Wharton Business School Graduate of Class of 2018, Loujeine Boutar, is the winner of the 2017-2018 Middle East Center Translation Contest for her translation of an excerpt of the Algerian female author Ahlan Mosteghanemi's book The Art of Forgetting from 2011.

Mosteghanemi's boldness when talking about love, desire and femininity and when criticizing the politics in the Arab World was what motivated Loujeine's choice of author.

This year the Middle East Center Translation Contest welcomed entries of original translations of Arabic texts from the 20th and the 21st centuries.     

Congratulations to Nour Halabi!

She has accepted a job at Leeds University's School of Media and Communication and will be teaching race and media. 

Nour Halabi is a PhD Candidate at the Annenberg School for Communication (August '18). Her research focuses on race and representation in the media, migration and social movements. She has published her work in Arab Media & Society, International Journal of Middle East Studies, and the International Journal of Communication.

Her dissertation focuses on what she has dubbed "immigration hospitality." She provides a historical policy and discourse analysis, contrasting comtemporary US immigration policy and discourse with that of the Chinese Exclusion Era, the 1920s, and the post-9/11 immigration environment. Examining the regulatory and media environements within these three representative periods of American immigration history has demonstrated that hospitality has been extended to some categories of immmigrants over others. This restrictive environment clashes with the enduring myth that the United States is a "nation of immigrants"

Iran Graduate Students Workshop

This past weekend (May 4-5) the Middle East Center welcomed graduate students, early career scholars and senior scholars from Princeton, Chicago, Boston, Seattle, New York, Austin, Freiburg (Germany) and Basel (Switzerland) for what turned out to be an intellectually stimulating and productive workshop. The Iranian Graduate Student Workshop is a very exciting patnership that MEC has developed with NYU and Princeton, which gives graduate students from all over the world, working on all aspects of Iranian and Persianate studies, the opportunity to present their work to one another, and to receive feedback from senior scholars, over the course of an intensive, biannual two-day workshop. The idea is that, each time, the cohort from the previous worshop returns and gives feedback to the new cohort of graduate students.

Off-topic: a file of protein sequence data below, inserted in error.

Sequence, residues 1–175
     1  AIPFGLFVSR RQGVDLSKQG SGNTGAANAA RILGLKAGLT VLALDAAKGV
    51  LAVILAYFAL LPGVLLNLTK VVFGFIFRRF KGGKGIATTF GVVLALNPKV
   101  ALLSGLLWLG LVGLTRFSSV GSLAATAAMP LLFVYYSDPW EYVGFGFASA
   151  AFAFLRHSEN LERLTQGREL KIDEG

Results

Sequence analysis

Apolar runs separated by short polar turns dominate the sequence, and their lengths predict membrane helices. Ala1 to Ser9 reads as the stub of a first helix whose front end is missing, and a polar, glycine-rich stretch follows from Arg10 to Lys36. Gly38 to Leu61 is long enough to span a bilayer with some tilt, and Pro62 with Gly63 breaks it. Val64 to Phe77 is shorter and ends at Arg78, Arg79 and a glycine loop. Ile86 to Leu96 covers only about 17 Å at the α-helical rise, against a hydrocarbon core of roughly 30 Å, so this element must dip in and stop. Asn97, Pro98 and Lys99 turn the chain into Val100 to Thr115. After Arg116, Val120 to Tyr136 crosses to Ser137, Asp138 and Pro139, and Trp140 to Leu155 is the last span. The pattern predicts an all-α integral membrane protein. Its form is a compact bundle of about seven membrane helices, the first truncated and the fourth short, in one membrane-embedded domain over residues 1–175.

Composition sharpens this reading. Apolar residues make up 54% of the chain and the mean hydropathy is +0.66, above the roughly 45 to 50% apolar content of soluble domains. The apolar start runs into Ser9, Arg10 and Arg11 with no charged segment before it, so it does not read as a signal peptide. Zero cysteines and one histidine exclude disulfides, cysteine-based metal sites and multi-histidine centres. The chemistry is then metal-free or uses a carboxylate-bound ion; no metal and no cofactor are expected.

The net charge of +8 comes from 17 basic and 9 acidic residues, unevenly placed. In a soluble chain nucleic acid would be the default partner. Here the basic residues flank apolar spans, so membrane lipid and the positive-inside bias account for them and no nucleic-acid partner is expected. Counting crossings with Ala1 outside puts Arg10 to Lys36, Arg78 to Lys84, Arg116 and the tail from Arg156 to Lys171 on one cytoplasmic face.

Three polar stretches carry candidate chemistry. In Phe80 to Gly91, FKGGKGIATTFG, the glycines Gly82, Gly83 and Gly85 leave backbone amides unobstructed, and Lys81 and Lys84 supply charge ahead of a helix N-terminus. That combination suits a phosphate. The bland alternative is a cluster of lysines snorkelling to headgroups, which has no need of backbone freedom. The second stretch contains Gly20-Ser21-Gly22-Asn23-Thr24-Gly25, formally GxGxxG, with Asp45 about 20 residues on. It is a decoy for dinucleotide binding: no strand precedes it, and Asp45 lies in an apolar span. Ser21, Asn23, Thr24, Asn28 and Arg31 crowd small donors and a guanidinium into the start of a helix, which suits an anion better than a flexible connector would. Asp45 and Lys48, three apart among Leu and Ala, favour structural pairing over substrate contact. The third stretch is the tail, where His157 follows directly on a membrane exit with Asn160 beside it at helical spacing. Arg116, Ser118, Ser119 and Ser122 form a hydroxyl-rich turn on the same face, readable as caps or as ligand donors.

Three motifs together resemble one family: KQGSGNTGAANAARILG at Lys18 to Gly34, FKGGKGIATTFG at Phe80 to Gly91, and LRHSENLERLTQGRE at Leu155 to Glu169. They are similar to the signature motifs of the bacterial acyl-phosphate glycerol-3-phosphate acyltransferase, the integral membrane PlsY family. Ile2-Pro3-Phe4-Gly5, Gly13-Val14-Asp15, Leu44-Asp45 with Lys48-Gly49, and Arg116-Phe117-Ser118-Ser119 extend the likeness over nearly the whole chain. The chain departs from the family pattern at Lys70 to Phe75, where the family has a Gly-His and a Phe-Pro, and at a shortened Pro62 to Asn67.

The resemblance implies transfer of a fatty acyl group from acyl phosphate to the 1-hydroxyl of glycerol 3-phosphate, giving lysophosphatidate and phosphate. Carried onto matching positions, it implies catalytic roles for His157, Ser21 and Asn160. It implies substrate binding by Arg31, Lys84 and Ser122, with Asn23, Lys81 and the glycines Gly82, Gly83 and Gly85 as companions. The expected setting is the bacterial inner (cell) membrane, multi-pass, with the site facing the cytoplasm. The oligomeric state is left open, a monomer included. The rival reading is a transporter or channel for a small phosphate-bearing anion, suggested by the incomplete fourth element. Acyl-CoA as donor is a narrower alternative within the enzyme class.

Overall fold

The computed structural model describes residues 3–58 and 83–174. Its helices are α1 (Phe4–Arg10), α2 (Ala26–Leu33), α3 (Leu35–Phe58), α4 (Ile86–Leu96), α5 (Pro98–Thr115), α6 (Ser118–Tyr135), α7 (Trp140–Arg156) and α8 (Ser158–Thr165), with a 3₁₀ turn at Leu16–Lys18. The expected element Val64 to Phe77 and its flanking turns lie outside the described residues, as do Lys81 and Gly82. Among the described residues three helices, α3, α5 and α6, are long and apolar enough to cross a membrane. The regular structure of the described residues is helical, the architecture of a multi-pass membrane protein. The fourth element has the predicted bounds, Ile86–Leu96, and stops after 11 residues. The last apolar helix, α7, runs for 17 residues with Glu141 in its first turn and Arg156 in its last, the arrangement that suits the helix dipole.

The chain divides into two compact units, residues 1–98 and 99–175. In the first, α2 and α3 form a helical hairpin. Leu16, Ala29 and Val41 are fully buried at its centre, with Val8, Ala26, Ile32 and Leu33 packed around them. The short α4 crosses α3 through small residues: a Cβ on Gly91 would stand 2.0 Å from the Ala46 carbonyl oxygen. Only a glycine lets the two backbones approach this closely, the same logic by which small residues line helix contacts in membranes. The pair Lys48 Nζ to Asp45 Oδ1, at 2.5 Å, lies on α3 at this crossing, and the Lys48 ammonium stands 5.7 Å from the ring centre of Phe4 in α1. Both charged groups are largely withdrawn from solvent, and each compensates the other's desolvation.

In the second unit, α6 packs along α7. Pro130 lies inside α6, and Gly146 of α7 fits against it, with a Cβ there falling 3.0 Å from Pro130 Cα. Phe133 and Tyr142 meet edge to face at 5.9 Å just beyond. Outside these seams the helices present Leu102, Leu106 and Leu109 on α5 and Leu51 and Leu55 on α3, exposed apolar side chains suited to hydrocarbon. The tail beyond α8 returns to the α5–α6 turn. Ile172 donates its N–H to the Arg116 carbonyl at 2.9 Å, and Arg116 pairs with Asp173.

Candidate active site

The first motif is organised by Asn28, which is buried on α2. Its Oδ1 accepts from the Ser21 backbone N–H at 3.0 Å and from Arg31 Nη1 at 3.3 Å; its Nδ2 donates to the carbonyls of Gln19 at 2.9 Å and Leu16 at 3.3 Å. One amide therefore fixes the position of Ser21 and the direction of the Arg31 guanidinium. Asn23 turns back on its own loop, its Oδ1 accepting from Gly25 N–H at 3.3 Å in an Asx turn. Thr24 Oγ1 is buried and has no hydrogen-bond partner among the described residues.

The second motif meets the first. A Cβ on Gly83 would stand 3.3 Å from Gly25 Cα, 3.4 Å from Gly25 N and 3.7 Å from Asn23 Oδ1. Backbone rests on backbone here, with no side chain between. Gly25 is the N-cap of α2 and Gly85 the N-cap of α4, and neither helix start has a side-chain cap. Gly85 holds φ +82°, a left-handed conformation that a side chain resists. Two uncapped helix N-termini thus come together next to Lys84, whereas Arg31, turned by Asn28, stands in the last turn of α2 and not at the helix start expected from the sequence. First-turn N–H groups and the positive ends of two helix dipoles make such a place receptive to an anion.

In this picture PhD candidate Maral Sahabjeme from the University of Washington is presenting her research titled, "'A Low-cost marriage': Discourse of Unmarried Cohabitation (White Marriage) in Iran".  She is joined in this picture by the discussants, Penn Professors Jamal Elias and Brian Spooner. The panel was chaired by NYU Professor Arang Keshavarzian.    

Congratulations Katherine Burge! Her photo won this year's Modern Middle East Studies (MMES) Photography Contest. Taken in 2015, her photo depicts the marshes around Basra, Iraq. You can find her photo hanging in the MEC office.

Read more about the photo contest at https://www.sas.upenn.edu/mec/opportunities/photo-contest. 

Iran and the USA

On May 3rd, 2018, Raha Rafii delivered a lecture at the George Washington Carver High School in Philadelphia as part of the University of Pennsylvania Speakers' Bureau program. The subject of the lecture was Iran's relationship with the United States. K-12 teachers in the greater Philadelphia area can request a PhD student from Penn to provide a lecture on a Middle Eastern topic. The Middle East Center will organize the lecture and pay a speaker fee to the PhD student. For more information on the Speakers' bureau visit the Resources tab on the Middle East Center website.

Congratulations Kim Pulliam! This FLAS recipient has received a well-earned spotlight on our FLAS page. We wish you all the best.

 Read her bio by going to https://www.sas.upenn.edu/mec/opportunities/flas, where you can also learn about the FLAS fellowship and how to apply.